21 Matching Annotations
  1. Jul 2021
    1. then you needed a four-step chain to get any taxes

      Each step has issues that propagate , loss of information, corruption opportunities etc.

    2. The first part of the story is High Modernism, an aesthetic taste masquerading as a scientific philosophy. The High Modernists claimed to be about figuring out the most efficient and high-tech way of doing things, but most of them knew little relevant math or science and were basically just LARPing being rational by placing things in evenly-spaced rectangular grids.

      This is quite a prevalent problem online - people who use their words confidently about a topic you have little knowledge on can sway you more easily than you think!

    1. These questions and tasks, which seem complicated to us, would sound to a superintelligent system like someone asking you to improve upon the “My pencil fell off the table” situation, which you’d do by picking it up and putting it back on the table.

      To me this comes down to whether a ASI could or would write its own code such that it experiences things like fun or boredom. Without this idea of a computer constantly 'experiencing' things (given a constant stream of data), I see no reason for it to have any agency.

    2. A machine on the second-to-highest step on that staircase would be to us as we are to ants—it could try for years to teach us the simplest inkling of what it knows and the endeavor would be hopeless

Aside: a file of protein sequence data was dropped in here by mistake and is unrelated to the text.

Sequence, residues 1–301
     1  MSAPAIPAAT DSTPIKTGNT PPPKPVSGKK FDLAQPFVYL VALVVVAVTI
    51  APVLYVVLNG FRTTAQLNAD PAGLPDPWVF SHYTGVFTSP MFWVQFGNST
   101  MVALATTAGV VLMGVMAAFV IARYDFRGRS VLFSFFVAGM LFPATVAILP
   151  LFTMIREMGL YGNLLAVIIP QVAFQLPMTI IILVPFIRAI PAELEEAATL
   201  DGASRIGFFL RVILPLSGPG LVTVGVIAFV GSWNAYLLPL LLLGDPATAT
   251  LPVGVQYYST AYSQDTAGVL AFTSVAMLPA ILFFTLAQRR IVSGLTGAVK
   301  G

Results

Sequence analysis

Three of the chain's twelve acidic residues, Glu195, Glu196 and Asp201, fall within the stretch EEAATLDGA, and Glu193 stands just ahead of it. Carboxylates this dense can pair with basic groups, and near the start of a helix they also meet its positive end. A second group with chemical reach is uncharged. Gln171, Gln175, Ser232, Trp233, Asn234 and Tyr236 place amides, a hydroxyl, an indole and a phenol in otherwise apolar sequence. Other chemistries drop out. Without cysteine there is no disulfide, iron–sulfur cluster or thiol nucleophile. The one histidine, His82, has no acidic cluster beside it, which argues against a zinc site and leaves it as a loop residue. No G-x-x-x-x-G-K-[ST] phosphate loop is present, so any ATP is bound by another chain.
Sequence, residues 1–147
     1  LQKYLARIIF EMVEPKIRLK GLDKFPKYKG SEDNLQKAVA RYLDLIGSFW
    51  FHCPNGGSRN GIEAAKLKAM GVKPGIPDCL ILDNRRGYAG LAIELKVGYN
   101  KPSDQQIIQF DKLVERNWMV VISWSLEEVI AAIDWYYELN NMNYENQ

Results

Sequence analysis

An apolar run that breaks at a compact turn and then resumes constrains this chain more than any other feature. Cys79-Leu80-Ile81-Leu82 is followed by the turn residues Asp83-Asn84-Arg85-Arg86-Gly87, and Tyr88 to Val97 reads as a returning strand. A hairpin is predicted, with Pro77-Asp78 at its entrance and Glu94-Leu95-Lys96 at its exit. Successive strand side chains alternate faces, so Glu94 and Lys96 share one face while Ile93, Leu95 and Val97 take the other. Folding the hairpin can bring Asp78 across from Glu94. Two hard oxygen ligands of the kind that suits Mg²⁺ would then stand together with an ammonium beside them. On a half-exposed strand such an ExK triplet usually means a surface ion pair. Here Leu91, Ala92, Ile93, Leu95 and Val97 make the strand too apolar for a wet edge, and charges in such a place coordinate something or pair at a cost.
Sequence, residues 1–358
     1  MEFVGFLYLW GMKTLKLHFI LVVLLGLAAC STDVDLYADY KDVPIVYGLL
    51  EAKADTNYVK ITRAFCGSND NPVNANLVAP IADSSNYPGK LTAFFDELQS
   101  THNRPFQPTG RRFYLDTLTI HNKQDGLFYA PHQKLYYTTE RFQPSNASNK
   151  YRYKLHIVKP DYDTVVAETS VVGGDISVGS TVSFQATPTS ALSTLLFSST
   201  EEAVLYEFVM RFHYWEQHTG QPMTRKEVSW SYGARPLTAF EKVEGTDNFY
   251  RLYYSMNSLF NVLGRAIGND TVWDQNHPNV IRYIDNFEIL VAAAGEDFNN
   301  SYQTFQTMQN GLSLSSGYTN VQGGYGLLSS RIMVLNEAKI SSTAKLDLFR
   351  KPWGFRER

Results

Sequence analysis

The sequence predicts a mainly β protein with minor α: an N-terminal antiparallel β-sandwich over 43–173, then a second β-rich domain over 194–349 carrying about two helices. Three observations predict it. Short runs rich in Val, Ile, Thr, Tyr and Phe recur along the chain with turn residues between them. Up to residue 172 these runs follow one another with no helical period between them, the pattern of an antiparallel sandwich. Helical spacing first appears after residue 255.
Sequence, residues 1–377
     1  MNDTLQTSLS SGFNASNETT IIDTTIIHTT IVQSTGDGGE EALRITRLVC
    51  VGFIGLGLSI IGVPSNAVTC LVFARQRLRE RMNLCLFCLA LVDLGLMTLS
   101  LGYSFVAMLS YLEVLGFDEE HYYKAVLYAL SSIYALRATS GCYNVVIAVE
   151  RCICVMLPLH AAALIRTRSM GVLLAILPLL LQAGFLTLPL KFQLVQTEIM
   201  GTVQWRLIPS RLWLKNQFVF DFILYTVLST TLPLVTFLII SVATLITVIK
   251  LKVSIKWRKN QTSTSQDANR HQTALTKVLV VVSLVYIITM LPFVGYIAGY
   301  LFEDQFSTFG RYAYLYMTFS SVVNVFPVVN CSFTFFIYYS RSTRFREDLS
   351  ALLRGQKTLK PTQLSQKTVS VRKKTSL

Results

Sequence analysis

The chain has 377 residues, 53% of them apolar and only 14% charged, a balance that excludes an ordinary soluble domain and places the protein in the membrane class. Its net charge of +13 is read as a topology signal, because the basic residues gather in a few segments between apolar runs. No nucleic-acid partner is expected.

Touching upon an earlier note - if we can expect an ASI to provide solutions to all of our problems like providing a grand unified theory in physics or making humans functionally immortal, can we expect an ASI to create a means to interact with and improve our brains directly ?

    3. There are worlds of human cognitive function a chimp will simply never be capable of, no matter how much time he spends trying

      While our 'hardware' is exceptionally good, we have similarly great 'software'.

    1. Which means an ASI, when we create it, will be the most powerful being in the history of life on Earth, and all living things, including humans, will be entirely at its whim—and this might happen in the next few decades

      and, with the ability to self-"improve" by rewriting its own code makes this future quite scary.

    2. This is called an Intelligence Explosion,11 and it’s the ultimate example of The Law of Accelerating Returns

      Over the time of our exponential growth our base intelligence remained a (more or less) constant. An AI with an exponentially increasing intelligence with access to our technology would - as it says - be extremely explosive.

    3. And given the advantages over us that even human intelligence-equivalent AGI would have, it’s pretty obvious that it would only hit human intelligence for a brief instant before racing onwards to the realm of superior-to-human intelligence

      The ability to self improve would ( much like our own growth progress ) lead to a runaway chain reaction of improvements.